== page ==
It was assumed when the Twilight novels and movies took over the universe, that we would be inundated with similar works of weepy, melodramatic teen supernatural romance. While that may have been the case in literature — assisted no doubt by the fact that self-publishing for e-book readers means anyone with enough determination to finish a book could get it published and sold on Amazon — the same thing didn’t really happen in film. There was a similar unfulfilled expectation when Harry Potter was the king of the hill, and we all assumed there’d be a billion little boy wizard movies. Despite it’s astounding popularity, only a few cinematic cash-ins ever saw the light of day, and they weren’t all that successful (I don’t think many people are demanding the next installment of the Percy Jackson series). I guess now you can throw Hunger Games into the mix as well. Young adult supernatural fantasy may rule the pop literary world these days, but it didn’t really succeed in setting aflame the big screen, or even the small screen. You’d think that, if nothing else, the direct-to-DVD or direct-to-Netflix-streaming world would be stuffed to the gills with dodgy young adult vampire romances and such, but that’s not the case. And yes, I’ve looked. All I found was a bunch of cheap, shot on digital video Fast and Furious rip-offs, which naturally, I immediately added to me queue.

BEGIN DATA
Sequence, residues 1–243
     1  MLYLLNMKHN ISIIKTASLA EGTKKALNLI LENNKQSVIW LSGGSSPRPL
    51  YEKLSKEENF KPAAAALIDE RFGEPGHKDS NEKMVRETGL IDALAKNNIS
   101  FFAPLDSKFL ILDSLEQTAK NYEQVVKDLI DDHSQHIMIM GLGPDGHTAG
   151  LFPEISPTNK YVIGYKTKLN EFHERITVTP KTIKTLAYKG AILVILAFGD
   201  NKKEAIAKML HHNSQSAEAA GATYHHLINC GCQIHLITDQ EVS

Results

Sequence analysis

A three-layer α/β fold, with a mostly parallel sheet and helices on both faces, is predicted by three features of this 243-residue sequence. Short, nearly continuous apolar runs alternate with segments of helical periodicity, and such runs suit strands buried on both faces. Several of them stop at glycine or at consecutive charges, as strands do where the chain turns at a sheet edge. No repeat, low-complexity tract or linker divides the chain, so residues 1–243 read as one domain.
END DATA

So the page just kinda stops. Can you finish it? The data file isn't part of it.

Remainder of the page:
Whenever someone is promoting a film as either “getting back to the spirit of the original” or “the most faithful adaptation of the novel,” you know you’re going to be in trouble. They never recapture “the spirit of the original” even when the spirit of the original wasn’t that hot to begin with, and the more they crow about how faithful their adaptation is, the less likely it will be to stick to the source material.